I spent LOTS of time trying out different methods to show a bunch of stuff here. Initially I just had the background blobs, but they were all one color (feint green). I then realised that what was actually helpful here was to show what party the voters were going to vote for, so I added some feint red lines to show ‘voter thresholds’ for each party. This needs explaining:

In a 2 party system, the code is simple. Voters check their approval, and assuming no external factors (electioneering stuff, or party membership), they vote for the player if approval >50%, and for the opposition otherwise. In a 3 party system, there is a middle party, so you are looking for 60% approval to get their vote, with 40-60% approvals going to the middle party. However… its not quite that simple!

These thresholds MOVE over time. The game takes into account the fact that parties shift their position. This is the famous overton window, coded into party strategy. In short, if you are winning, the other parties move their (unstated and hidden for game purposes) positions in policy terms closer to your own. That means those 40% and 60% thresholds become more like 45% and 65%, or even closer. As you would expect, the reverse is also true. When you are doing badly, the opposition parties move further from you, so those thresholds can drop as well. This has been in the game for ages, but was not easily viewable by the player.

The chart above is actually fiendishly complex, because it displays a 2 axis chart with 2 lines showing different things over time (voting intention and average approval) and ALSO a backdrop that shows a four dimensional data set describing voter approval distribution and voting intention!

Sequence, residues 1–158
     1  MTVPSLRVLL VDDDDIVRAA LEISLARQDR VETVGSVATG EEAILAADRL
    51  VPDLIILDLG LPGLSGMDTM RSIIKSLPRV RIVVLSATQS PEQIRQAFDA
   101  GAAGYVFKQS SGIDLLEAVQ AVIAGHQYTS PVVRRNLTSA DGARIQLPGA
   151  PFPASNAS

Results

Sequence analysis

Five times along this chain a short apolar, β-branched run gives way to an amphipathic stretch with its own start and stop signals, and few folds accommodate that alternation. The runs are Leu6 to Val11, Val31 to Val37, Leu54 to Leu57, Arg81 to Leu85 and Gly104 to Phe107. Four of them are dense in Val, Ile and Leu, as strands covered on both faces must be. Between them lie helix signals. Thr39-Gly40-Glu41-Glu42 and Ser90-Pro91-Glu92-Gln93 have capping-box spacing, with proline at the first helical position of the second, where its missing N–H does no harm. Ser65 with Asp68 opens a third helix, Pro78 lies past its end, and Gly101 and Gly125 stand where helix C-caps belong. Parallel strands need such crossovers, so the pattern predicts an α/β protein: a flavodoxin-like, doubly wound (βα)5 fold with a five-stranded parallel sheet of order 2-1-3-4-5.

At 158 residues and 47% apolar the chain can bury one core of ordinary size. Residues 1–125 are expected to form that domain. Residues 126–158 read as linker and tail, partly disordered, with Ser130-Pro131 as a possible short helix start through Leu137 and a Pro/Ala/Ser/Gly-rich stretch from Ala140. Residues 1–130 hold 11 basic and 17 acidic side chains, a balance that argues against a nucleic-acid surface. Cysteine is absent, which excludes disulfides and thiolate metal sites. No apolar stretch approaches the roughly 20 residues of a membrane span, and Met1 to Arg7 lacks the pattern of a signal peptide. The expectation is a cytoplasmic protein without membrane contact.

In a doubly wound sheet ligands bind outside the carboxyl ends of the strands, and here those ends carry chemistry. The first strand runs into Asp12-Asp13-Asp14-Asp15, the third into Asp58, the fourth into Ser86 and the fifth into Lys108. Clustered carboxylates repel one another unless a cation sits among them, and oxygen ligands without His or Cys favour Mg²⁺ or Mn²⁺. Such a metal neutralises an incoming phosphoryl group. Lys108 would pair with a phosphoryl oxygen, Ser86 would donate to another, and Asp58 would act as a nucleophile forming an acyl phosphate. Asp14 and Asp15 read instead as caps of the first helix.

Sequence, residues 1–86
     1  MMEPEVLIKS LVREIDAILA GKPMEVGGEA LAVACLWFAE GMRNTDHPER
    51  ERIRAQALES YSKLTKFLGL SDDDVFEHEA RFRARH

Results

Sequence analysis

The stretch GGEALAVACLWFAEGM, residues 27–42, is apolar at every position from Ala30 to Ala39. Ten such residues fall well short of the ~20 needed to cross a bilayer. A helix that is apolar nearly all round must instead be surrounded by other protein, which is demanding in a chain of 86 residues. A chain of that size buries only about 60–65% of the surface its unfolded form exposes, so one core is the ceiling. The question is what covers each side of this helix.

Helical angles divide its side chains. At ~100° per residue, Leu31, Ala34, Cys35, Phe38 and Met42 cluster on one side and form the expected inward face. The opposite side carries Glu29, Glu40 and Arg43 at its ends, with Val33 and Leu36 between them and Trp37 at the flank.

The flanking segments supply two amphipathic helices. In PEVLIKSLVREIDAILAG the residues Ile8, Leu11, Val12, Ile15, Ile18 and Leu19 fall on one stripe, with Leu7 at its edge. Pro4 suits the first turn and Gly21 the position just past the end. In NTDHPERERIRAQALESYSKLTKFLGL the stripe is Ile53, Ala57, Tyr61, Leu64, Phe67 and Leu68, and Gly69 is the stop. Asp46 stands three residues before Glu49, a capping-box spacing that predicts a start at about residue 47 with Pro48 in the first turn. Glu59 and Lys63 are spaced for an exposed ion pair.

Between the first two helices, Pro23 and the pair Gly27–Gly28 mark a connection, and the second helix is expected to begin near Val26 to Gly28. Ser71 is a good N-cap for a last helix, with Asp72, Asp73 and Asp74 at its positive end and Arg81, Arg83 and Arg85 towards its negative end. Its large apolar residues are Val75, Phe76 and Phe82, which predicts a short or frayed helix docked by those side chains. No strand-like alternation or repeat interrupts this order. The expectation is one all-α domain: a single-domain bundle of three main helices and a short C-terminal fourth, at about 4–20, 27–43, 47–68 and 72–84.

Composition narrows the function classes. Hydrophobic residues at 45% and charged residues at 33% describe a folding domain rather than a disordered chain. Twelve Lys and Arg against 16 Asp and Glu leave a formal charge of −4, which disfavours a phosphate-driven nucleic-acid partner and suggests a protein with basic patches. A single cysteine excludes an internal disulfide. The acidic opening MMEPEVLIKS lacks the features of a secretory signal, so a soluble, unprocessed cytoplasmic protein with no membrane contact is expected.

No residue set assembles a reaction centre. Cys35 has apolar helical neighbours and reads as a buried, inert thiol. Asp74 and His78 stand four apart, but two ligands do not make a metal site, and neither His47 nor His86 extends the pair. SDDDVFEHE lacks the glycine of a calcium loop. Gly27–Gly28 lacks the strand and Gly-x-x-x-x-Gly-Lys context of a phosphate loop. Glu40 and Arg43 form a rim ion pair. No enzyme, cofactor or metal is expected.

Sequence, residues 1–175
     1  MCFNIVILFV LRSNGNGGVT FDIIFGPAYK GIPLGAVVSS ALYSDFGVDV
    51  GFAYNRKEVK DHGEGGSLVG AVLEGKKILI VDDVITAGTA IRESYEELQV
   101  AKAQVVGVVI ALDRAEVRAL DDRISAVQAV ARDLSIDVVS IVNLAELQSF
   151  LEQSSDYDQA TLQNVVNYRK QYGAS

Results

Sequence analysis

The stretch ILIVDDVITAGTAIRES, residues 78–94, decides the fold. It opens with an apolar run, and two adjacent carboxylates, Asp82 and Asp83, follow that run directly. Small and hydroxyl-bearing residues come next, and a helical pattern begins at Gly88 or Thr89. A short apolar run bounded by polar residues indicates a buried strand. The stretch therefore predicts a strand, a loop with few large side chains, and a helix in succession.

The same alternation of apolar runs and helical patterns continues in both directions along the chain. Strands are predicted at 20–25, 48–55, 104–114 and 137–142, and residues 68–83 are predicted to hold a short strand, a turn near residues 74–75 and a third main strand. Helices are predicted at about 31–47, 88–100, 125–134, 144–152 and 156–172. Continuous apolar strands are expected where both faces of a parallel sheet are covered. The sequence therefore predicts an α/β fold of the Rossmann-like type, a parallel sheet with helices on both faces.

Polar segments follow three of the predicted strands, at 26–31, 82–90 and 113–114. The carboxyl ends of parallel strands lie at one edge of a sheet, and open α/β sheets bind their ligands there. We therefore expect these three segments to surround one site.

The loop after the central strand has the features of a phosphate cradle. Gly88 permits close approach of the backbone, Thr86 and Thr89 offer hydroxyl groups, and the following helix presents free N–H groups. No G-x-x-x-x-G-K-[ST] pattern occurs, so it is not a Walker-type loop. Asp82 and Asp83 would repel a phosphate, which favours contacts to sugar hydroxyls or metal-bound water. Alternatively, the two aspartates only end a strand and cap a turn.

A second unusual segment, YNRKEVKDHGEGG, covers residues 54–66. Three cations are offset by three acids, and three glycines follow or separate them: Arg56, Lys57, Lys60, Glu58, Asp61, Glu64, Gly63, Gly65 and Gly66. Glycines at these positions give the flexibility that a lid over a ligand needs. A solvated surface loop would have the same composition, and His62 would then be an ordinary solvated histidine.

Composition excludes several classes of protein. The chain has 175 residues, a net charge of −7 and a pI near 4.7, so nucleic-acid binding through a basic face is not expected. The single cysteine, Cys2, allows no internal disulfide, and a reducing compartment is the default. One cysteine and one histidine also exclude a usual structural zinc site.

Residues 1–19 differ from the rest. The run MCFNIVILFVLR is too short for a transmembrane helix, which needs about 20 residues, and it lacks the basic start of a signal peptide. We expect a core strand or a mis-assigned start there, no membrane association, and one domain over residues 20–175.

How come four dimensions? Firstly time (x axis) secondly approval (y axis), then the distribution of voters in each of 20 vertical groups to show the distribution of approval (size of each blob) and lastly the voting intentions within each blob (the colors of the blobs, or partial colors, indicating which party each voter would choose if the election happened that day.

No wonder its hard to get the GUI right :D

Anyway… it seems arcane, but it is actually all in the chart. You can see if you look closely that the point where voters switch from voting red, to voting blue, does not stay a fixed line over time, its actually changing in response to the popularity of my own party, which is based on the voters approval. (note this is a 3 party system, parties are red, blue and green, with green being the player).

If it sounds tricky to imagine as UI its even more annoying to code. I coded it as a sparse rendered system, instead of just generating, for example, 3 different colored circles for every x axis and y axis position. Even if you don’t draw them, that means 20x20x3 = 1,200 sprite objects being created, despite the fact that only a fraction will need ever drawing (most points on the chart have one single color circle, or are even unpopulated entirely.

Anyway, I think it adds some helpful extra data to the screen. I probably need to improve the tutorial/guides/in-game help at some point to explain it all though :(